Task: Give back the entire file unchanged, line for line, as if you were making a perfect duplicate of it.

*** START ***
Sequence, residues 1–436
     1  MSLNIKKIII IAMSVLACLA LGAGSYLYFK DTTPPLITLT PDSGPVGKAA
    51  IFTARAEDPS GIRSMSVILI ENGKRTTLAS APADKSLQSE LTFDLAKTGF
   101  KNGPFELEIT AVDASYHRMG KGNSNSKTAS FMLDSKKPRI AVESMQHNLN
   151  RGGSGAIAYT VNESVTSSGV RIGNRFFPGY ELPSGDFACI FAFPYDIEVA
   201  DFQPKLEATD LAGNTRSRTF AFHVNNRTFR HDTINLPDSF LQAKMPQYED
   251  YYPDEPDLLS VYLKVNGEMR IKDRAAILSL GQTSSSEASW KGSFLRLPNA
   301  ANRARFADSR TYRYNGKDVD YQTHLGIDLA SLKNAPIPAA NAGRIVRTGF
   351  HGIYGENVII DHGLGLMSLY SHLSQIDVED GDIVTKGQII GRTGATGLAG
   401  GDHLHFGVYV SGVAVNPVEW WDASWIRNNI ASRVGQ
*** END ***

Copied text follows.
Sequence, residues 1–436
     1  MSLNIKKIII IAMSVLACLA LGAGSYLYFK DTTPPLITLT PDSGPVGKAA
    51  IFTARAEDPS GIRSMSVILI ENGKRTTLAS APADKSLQSE LTFDLAKTGF
   101  KNGPFELEIT AVDASYHRMG KGNSNSKTAS FMLDSKKPRI AVESMQHNLN
   151  RGGSGAIAYT VNESVTSSGV RIGNRFFPGY ELPSGDFACI FAFPYDIEVA
   201  DFQPKLEATD LAGNTRSRTF AFHVNNRTFR HDTINLPDSF LQAKMPQYED
   251  YYPDEPDLLS VYLKVNGEMR IKDRAAILSL GQTSSSEASW KGSFLRLPNA
   301  ANRARFADSR TYRYNGKDVD YQTHLGIDLA SLKNAPIPAA NAGRIVRTGF
   351  HGIYGENVII DHGLGLMSLY SHLSQIDVED GDIVTKGQII GRTGATGLAG
   401  GDHLHFGVYV SGVAVNPVEW WDASWIRNNI ASRVGQ